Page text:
Towns along the pipeline routes grimly expect the construction to bring inflation, drugs and crime along with the economic boost for their rural economies. In Yellowknife, two new diamond mines have sent rents soaring and brought cocaine to the streets. Last month, the town experienced its first drive-by shooting.
“We know things are not going to work perfectly. They never do,” said Bill Braden, a member of the territorial assembly in Yellowknife. “But the pipeline would give the communities and people of the Mackenzie Valley and Delta hope for the future. Right now, if I was a teenager, I wouldn’t see a whole lot of reason to stay in the area.”
Sierra Club support
The bigger footprint, after the construction crews have left, would be in opening the mineral-rich area to further exploration and development.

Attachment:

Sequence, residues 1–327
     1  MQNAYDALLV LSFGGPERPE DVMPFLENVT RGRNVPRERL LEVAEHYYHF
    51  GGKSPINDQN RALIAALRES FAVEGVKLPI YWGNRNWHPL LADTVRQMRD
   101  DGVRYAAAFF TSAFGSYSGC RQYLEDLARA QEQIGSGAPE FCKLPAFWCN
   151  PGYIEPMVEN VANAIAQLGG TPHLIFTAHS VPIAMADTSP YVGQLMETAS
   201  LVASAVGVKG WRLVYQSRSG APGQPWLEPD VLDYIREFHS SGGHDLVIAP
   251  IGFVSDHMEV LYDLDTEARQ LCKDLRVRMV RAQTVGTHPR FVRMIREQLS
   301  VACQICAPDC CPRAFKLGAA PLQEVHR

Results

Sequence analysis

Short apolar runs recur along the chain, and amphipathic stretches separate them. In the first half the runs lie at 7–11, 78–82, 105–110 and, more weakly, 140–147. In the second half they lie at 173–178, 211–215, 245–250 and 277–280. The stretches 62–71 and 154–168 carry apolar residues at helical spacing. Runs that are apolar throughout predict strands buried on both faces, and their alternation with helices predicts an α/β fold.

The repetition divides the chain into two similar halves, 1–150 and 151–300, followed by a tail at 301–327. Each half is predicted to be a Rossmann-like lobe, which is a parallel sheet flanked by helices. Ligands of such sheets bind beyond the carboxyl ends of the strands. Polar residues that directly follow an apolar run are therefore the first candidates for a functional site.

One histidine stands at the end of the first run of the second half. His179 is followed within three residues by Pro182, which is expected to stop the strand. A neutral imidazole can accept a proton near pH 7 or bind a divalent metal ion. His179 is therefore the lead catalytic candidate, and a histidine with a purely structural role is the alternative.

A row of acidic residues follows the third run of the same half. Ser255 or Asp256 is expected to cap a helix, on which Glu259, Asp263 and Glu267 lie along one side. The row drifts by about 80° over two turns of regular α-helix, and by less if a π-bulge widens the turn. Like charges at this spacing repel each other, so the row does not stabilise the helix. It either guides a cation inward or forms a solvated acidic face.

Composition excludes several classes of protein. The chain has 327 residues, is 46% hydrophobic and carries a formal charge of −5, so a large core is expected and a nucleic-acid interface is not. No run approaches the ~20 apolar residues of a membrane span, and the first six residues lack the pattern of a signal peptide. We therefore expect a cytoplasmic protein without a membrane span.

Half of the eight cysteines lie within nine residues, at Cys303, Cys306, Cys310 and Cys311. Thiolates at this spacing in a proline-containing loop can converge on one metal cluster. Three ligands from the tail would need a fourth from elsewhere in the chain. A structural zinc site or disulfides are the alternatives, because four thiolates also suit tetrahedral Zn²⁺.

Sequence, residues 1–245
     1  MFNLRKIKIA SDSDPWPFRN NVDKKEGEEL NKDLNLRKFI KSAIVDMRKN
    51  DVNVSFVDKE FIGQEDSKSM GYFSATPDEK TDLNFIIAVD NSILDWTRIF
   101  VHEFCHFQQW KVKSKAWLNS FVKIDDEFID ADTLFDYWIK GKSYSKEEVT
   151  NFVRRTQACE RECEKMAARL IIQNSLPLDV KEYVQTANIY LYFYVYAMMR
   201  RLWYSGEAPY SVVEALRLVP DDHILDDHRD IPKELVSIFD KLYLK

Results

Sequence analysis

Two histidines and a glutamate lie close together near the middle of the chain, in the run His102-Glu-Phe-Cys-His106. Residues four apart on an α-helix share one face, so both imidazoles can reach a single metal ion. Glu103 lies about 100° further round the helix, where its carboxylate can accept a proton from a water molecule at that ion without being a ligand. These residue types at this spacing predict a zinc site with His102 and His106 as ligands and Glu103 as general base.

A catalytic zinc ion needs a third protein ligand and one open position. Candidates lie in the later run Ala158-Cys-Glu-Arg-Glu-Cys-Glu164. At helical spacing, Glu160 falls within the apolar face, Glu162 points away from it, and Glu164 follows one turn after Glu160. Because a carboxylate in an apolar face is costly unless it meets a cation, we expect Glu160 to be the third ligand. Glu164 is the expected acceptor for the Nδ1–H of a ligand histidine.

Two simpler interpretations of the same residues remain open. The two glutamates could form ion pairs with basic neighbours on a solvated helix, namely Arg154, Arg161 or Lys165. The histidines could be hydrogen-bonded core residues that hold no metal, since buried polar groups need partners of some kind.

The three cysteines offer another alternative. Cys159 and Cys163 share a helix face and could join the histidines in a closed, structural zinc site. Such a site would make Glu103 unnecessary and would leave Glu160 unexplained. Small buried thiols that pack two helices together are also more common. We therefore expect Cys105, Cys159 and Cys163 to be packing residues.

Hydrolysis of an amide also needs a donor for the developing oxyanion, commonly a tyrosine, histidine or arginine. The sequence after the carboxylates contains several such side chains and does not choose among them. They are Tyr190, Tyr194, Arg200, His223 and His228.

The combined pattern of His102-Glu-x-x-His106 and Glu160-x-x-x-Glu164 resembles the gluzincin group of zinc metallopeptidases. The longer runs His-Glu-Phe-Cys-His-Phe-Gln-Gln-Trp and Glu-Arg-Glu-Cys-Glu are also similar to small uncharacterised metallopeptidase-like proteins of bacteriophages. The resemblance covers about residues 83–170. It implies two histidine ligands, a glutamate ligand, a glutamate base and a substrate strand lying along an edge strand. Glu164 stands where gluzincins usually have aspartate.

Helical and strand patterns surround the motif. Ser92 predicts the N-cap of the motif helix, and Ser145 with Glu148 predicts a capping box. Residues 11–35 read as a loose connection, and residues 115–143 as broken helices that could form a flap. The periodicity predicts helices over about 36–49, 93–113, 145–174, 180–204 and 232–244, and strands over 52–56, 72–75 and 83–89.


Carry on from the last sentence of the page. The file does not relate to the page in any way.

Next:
Mostly for that reason, some environmentalists favor the Alaska Pipeline, which follows the route of the existing oil pipeline and Alaska Highway.
“We think it’s the lesser environmental evil,” said Stephen Hazell, a director of the Sierra Club of Canada. Environmental groups have largely bowed to the inevitability of at least one of the projects.
“Natural gas is clearly better than coal or oil,” said Peter Ewins, a director of the World Wildlife Fund of Canada. “In principle, we are not opposed, if the development is done in a properly planned and well-balanced way.”
The natural gas from either line would be fed into a grid of pipelines in Alberta that connects the United States and Canada into a largely seamless single market. Oil-company officials say the soaring demand is in the United States, and that is where the gas would go.